Bush-Putin summit sees a meeting of minds if not hearts


Making sense of the historic summit between US President George W Bush and Russian President Vladimir Putin, held in Bratislava on 24 February, poses no enigmatic obstacles to observers. The very selection of Bratislava as a site for the summit is itself highly symbolic. The Slovak capital was selected because both sides seemed to agree that Slovakia is neutral ground.

Despite being drawn into the Western fold after becoming a member of NATO and the EU in 2004, Slovakia still enjoys strong economic and political ties with Russia, as the young country continues to grapple with its Communist past.

This process of readjustment in Slovakia has included purging state institutions of former Czechoslovakian StB state security members, who served the police state and demonstrated total loyalty to Moscow before 1989.

Before arriving in Bratislava to meet Putin, Bush went to Brussels on 21 February in order to heal a rift between the US and Western Europe over the former's policy on Iraq. He appears to have succeeded in this endeavour, at least in part, by securing the promise of European leaders to help in establishing a secure and stable Iraq.

Differences over Ukraine

While in Brussels, Bush also met the president-elect of Ukraine, Viktor Yushchenko, who led the 'Orange Revolution' in late 2004 that saw the pro-Russian political and economic elements, symbolised by outgoing President Leonid Kuchma, driven from office.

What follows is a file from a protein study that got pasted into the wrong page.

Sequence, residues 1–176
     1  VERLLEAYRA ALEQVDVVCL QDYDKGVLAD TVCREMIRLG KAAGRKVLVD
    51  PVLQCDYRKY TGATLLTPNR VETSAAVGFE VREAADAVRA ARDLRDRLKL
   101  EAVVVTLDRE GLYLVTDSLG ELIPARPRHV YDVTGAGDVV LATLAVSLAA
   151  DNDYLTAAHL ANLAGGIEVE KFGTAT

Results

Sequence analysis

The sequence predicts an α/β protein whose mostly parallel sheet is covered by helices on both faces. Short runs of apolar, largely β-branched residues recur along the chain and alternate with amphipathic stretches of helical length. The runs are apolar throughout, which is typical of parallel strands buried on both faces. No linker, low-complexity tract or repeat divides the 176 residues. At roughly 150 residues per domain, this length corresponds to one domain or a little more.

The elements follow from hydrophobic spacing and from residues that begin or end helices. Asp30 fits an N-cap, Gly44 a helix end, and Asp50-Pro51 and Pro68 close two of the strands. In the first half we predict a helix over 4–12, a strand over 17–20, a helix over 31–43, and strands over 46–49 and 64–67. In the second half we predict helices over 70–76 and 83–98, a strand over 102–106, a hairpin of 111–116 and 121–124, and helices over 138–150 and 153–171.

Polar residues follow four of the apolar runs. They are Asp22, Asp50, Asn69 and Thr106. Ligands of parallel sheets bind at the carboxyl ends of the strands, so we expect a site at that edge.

Events in Ukraine dealt a serious blow to Russia, since Putin and his former KGB colleagues who run national affairs were hoping to retain Moscow's influence over Ukraine in order to forge a new political and economic power bloc that would also include Belorussia and Kazakhstan.

Since Putin and his allies do not regard positively the further eastward expansion of the EU and of NATO, it is only natural that they seek to establish institutions that would offset this inevitable trend, since by its very nature it stands to weaken their power.

While only a fool would believe that the 'Orange Revolution' would cause years of pro-Russian and pro-Soviet sympathies to melt away overnight, Ukraine, with much hard work and a change in mindset on the part of its population, could contribute to forging closer ties to the West by introducing democratic and economic reform.